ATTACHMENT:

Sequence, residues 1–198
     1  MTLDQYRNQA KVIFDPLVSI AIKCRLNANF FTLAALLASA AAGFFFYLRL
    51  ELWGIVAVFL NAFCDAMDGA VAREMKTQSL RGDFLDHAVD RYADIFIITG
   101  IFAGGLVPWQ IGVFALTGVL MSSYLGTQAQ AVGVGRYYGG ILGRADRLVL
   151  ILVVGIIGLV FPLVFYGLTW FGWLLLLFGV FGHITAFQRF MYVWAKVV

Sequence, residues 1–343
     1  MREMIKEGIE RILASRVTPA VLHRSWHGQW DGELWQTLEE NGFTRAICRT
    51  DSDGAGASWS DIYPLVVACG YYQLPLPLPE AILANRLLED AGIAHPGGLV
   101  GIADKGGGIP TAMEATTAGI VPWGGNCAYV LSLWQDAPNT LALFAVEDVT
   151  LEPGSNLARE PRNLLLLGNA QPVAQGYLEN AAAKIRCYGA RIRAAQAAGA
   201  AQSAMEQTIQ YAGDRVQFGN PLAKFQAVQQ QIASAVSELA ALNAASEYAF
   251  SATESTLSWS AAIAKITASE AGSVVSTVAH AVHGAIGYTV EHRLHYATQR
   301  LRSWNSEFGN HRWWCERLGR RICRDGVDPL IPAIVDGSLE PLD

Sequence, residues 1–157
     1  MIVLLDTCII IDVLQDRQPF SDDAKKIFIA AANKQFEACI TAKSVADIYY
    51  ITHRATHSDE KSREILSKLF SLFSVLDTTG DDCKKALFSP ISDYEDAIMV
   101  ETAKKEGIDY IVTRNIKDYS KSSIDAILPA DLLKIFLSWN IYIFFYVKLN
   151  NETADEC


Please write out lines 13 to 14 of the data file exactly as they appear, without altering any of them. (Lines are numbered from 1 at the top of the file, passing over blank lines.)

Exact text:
   301  LRSWNSEFGN HRWWCERLGR RICRDGVDPL IPAIVDGSLE PLD

Sequence, residues 1–157